• Page 526.--19th March, 1755. John Logan, farmer, to Alexander Logan, his son paternal love, &c., and £10, 237 acres in Borden's tract on Capt. Joseph Kennedy's Mill Creek of James River; corner McNutt s land; Wm. Berry's line; corner Capt. Joseph Kennedy; Thomas Baird's corner. Livery, &c. Delivered: Alexander McNut, September, 1765.
  • Vol. 2 - Fee Books of Augusta Court - 1756 - page 118, John Stevenson, near North River above B. L.; Patrick Downing, sent to Caroline; Alexander McNut, sent to Caroline.
  • Page 242.--21st June, 1763 . Thomas Berry and Esther to James Berry, son of Thomas, £25, 168 acres purchased by Thomas from Arthur Kenedy on Capt. Joseph Kennedy's Mill Creek, in Burden's tract; corner Robert Gray; McNutt's new line; corner Francis Beaty. Teste: Alexander McNutt, Jas. McNutt, Thomas Berry, Jr. Delivered: James Berry, April, 1765.
  • Page 320.--19th September, 1769. Patrick Martin's will: To wife, Jane: to sons, George and Andrew; to sons, Joseph and James; to daughter, Miry Patterson. Executors, wife, Jane, and George Martin. Teste: George Jameson, James McNutt, Alex. Montgomery. Proved, 21st August, 1770, by Jameson. George Martin qualifies executor, with Joseph Berry, James Buchanan, Alex. McNutt.

Biography of Alexander McNutt

From (

Alexander McNutt (b. 1725, near Derry, Ireland - d. 1811, Lexington, Virginia) was a British army officer, colonist and land agent, responsible for seeing an approximate 500 Ulster Scottish emigrants arrive in Nova Scotia during the early 1760s.

McNutt emigrated to America some time before 1753 by which time he had settled in Staunton, Virginia. In 1756 he was an officer in the Virginia militia on Major Andrew Lewis's expedition against the Shawnees on the Ohio River. By September 1758 McNutt had relocated to Londonderry, New Hampshire, a town settled by Ulster Scots.

Between April and November 1760, McNutt served as a Massachusetts province captain at Fort Cumberland in near the present-day border between Nova Scotia and New Brunswick, five years after the Expulsion of the Acadians. It was during this time that he became involved in the colonization of Nova Scotia.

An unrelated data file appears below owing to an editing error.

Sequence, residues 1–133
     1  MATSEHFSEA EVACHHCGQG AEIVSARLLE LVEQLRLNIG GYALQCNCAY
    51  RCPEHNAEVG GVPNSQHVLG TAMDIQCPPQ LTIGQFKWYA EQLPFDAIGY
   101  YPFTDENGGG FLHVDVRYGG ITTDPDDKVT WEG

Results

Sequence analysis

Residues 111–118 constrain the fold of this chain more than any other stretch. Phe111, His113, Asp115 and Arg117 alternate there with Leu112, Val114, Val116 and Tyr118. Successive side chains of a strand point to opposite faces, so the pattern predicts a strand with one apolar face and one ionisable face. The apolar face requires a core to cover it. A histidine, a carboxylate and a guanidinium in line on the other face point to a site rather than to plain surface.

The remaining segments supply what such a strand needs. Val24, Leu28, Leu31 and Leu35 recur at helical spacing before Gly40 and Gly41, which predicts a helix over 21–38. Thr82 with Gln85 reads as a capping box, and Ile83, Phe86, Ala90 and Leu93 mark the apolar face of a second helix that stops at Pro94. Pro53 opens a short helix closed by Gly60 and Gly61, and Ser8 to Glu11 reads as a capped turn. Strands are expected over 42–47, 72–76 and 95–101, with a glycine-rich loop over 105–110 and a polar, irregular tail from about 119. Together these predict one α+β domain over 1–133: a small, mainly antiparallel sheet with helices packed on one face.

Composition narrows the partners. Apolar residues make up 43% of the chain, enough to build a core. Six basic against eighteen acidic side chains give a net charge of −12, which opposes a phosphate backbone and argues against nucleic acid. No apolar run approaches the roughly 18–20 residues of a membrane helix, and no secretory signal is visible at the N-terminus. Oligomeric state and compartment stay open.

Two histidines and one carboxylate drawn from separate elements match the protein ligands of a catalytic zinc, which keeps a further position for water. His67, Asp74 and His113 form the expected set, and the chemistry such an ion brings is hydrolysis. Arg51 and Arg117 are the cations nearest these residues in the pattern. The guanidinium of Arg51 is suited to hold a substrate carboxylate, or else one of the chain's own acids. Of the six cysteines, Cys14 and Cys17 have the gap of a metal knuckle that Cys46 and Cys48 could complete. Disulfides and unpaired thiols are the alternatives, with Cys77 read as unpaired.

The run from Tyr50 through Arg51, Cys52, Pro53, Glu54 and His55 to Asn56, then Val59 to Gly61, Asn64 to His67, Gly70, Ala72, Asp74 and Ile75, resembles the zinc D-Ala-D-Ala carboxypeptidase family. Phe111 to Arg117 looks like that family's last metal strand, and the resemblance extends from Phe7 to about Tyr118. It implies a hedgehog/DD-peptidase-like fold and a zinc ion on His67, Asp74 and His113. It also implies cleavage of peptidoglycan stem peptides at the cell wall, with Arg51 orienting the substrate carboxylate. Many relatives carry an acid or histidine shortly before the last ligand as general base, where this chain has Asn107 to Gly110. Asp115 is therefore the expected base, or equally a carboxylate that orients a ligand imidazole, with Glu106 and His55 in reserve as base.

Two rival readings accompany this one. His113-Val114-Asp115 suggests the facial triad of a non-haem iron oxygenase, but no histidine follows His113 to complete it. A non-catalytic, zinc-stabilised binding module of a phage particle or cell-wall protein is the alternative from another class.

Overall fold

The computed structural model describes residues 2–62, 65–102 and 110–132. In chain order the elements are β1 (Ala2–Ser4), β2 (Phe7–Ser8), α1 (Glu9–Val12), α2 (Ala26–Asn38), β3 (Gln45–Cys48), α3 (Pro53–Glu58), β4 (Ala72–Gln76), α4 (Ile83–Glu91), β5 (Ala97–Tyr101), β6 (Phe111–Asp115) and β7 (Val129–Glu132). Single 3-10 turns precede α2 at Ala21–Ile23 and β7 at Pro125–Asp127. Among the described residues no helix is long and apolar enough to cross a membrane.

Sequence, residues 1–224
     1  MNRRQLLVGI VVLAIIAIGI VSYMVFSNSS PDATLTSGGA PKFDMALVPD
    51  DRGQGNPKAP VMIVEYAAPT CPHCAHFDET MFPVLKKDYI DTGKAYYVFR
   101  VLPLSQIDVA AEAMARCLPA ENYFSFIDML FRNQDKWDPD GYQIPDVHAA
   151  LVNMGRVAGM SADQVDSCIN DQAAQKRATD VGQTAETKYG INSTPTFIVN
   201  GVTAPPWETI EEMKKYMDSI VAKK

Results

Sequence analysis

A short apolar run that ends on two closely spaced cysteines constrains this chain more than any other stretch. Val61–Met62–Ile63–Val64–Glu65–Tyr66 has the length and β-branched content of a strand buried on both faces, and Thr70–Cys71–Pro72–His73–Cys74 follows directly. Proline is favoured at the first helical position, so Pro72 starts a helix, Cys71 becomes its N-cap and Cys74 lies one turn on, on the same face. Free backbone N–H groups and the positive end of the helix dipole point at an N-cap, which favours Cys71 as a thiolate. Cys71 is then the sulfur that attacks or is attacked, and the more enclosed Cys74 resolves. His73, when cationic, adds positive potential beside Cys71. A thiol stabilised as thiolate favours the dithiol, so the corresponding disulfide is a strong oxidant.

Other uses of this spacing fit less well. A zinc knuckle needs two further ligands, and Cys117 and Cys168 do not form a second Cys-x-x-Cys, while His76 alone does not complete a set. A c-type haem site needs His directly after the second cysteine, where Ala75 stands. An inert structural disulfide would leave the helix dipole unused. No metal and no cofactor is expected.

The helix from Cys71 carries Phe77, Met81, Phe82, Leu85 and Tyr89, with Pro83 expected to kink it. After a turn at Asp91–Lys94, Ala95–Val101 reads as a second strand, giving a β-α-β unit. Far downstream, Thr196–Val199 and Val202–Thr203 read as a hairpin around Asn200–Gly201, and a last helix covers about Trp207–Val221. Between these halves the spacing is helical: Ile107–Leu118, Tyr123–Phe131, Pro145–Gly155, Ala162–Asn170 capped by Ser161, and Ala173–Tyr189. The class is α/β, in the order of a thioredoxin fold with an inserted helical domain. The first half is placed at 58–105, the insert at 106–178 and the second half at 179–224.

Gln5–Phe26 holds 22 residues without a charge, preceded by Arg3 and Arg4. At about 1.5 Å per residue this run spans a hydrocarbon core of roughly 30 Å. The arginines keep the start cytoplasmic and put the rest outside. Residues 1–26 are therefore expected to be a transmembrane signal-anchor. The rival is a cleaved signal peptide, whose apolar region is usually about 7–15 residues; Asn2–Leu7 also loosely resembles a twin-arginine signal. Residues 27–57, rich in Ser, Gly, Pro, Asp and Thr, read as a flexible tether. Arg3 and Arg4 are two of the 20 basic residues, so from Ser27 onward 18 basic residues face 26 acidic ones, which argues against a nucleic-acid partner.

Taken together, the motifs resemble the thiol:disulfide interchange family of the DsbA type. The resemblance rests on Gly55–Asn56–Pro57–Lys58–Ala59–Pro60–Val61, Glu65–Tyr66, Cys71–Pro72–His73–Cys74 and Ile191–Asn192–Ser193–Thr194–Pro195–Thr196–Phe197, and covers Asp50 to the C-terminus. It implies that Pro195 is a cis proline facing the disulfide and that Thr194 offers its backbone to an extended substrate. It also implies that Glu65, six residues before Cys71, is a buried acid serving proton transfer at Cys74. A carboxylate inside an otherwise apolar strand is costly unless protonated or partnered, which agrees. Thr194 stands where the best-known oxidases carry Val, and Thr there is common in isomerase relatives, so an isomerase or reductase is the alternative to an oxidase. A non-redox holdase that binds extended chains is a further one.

Through McNutt's efforts, a group of fifty families from New Hampshire arrived in the spring of 1761 in the Cobequid (Truro) area of Nova Scotia. He had several proposals for settlement of some 7,000 to 8,000 Protestant Irish in Nova Scotia accepted by the Board of Trade in London, but he was not successful in getting the support of the Privy Council who feared such an out-migration would harm British interests in Ireland. He nevertheless went to the Ulster with just the Board of Trade's approval to seek out semigrants. In the spring of 1761 he advertised throughout Ulster with an offer to "industrious farmers and useful mechanics" of 200 acres (0.81 km2) of land to the head of a family and 50 to each member. His effort resulted in 300 colonists arriving in Halifax in October on the ships Hopewell and Nancy.

The next autumn, 170 more settlers arrived out of Londonderry on the same two ships and settled the New Dublin area in present-day Lunenburg County and elsewhere in the province. McNutt also worked to settle a group of disbanded New England soldiers, which included Israel Perley, along the Saint John River.